Web technologies are advancing fast. While you are wondering what ‘web applications’ are, developers have started to transition to ‘progressive web applications.’ Almost every web application on the web requires a database. A shopping application requires a database to interact with the products and the customers.
A dynamic web application such as a news application or a blog requires instant and frequent updating of web pages. For such an application, altering and creating a new HTML page is a tedious task. This is where a database comes into the picture and eases a developer’s life.
Not only retrieval and updating of data, but a database also helps in authentication which is observed in websites having a login and signup functionality. Such websites display customised web pages based on the logged in user. Databases can be a real boon to a web developer if used correctly.
Different types of databases which use SQL
PostgreSQL is a relational database management system which is open source and has been used by developers since a really long time. It has several features which add to the performance of a website. PostgreSQL offers basic to advanced features which makes it a pretty versatile tool.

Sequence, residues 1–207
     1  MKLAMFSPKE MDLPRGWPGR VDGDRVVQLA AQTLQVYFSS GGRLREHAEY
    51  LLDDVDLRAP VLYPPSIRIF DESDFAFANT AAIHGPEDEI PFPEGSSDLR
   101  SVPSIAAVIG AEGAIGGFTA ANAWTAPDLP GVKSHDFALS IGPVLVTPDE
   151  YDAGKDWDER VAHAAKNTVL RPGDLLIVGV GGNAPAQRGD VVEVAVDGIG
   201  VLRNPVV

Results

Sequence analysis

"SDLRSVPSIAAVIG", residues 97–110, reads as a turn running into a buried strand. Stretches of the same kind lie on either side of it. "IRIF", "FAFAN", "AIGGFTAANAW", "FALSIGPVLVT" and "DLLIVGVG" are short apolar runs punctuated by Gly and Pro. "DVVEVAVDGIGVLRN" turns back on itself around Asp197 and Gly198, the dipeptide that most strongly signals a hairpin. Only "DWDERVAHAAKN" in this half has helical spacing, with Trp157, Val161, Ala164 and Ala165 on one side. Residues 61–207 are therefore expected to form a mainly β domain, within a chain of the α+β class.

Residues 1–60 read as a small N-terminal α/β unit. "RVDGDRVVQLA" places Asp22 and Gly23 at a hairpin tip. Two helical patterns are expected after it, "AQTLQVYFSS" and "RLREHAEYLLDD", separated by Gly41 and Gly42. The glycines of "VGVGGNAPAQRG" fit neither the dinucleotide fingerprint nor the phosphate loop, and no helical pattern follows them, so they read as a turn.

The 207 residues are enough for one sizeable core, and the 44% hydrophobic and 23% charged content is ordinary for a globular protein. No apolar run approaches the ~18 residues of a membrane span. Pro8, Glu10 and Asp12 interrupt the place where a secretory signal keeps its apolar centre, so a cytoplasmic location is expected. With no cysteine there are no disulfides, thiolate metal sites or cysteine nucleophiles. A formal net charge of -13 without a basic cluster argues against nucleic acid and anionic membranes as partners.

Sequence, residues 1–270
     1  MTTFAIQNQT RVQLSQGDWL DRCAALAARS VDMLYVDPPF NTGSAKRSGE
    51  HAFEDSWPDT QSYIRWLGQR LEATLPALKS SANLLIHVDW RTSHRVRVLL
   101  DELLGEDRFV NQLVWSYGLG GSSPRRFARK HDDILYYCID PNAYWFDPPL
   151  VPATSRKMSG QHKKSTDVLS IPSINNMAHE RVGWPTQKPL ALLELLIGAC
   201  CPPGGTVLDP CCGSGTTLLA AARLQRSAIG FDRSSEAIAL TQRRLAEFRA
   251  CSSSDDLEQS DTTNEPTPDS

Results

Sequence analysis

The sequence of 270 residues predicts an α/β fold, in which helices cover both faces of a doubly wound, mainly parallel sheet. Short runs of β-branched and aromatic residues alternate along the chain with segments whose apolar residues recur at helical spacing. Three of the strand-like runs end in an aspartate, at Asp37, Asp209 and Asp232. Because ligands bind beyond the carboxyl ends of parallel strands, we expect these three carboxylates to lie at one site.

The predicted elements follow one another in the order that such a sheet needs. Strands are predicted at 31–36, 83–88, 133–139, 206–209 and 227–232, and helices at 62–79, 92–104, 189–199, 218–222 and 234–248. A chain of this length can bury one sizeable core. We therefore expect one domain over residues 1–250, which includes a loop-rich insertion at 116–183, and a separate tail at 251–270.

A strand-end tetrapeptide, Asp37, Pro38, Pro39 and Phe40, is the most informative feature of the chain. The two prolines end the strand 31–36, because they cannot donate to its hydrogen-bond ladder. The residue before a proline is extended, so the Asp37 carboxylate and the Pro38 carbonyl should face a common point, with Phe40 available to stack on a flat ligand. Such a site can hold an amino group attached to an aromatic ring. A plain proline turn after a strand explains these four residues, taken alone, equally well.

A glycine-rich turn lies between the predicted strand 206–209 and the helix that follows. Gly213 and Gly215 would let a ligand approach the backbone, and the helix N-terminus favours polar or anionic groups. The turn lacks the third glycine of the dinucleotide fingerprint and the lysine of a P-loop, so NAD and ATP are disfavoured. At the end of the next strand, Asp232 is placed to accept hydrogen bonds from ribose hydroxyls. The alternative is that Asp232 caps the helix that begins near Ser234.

Popular companies which use PostgreSQL – Apple, Skype, Instagram, NASA, Twitch, Spotify, IMDb, Reddit etc.
MySQL has been ranked as the most popular relational database in existence. It is open-source, extremely easy to use and has been widely accepted by several companies and websites. MySQL is also the first database management system most developers come across. If you are beginner, this is a good DBMS to start with.
Popular companies which use MySQL – Uber, Airbnb, Pinterest, Netflix, Amazon, Twitter, Shopify etc.